Air regulators and a lead battery recycler have agreed on a plan to reduce the health risks from arsenic pollution around the Exide Technologies plant in Vernon.
A study last year found sharply elevated cancer risks for people working and living around the plant, in some places as much as 12 times higher than the level air officials deemed concerning. As a result, Exide is obligated to take steps to cut health risks.
Over the last seven months, the company has been submitting proposals for what's called a "risk reduction plan" to the South Coast Air Quality Management District. What air regulators have now approved is the company’s third version of a plan.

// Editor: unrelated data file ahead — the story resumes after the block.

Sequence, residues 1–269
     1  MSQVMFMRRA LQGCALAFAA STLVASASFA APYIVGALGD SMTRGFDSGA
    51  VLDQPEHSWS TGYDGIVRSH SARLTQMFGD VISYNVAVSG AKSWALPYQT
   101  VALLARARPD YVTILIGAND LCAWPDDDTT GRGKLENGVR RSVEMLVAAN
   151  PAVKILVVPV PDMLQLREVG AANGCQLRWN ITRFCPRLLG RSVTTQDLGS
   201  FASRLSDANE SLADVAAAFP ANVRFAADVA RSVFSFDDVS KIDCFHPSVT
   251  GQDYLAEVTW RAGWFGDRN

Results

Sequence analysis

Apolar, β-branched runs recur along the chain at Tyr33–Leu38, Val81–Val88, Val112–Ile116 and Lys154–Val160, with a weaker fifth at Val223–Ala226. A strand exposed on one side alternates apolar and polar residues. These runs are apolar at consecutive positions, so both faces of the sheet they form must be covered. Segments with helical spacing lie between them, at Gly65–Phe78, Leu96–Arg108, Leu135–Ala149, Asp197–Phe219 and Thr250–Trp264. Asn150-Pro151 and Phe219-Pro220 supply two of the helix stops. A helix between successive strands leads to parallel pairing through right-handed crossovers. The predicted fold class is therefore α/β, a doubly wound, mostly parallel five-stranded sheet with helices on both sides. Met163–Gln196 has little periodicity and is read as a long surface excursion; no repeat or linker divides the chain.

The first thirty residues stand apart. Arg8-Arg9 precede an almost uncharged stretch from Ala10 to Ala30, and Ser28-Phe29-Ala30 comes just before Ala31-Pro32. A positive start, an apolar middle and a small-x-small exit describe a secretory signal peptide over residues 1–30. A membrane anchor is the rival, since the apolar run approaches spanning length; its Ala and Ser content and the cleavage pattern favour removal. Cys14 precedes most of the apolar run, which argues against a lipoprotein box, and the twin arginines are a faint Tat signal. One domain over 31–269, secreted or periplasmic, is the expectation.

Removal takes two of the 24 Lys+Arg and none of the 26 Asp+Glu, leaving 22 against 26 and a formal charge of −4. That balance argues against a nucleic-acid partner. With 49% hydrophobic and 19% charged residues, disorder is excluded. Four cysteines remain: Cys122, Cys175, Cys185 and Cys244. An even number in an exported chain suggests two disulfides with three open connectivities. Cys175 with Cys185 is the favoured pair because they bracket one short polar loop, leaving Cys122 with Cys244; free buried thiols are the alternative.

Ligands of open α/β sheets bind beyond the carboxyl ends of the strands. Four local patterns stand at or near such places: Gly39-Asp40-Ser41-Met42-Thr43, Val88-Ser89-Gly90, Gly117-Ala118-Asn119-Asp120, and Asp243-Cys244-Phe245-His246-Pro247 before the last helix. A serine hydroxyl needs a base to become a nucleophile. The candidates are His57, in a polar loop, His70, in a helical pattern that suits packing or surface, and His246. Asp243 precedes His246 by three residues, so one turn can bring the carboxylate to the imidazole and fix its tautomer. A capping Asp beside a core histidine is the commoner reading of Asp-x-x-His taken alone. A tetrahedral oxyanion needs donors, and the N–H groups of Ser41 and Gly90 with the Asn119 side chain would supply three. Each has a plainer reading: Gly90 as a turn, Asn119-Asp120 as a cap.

Exide says it will spend $5 million this year on various emission-reduction upgrades at the plant.
Despite approving the plan, the air district separately is still trying to stop lead smelting at the plant temporarily until new pollution controls are installed.
TIMELINE: Exide's Run-ins with Regulators
AQMD’s approval of the risk plan came Wednesday, the same day angry neighbors of Exide turned out for a public meeting and renewed calls for the plant to be shut down.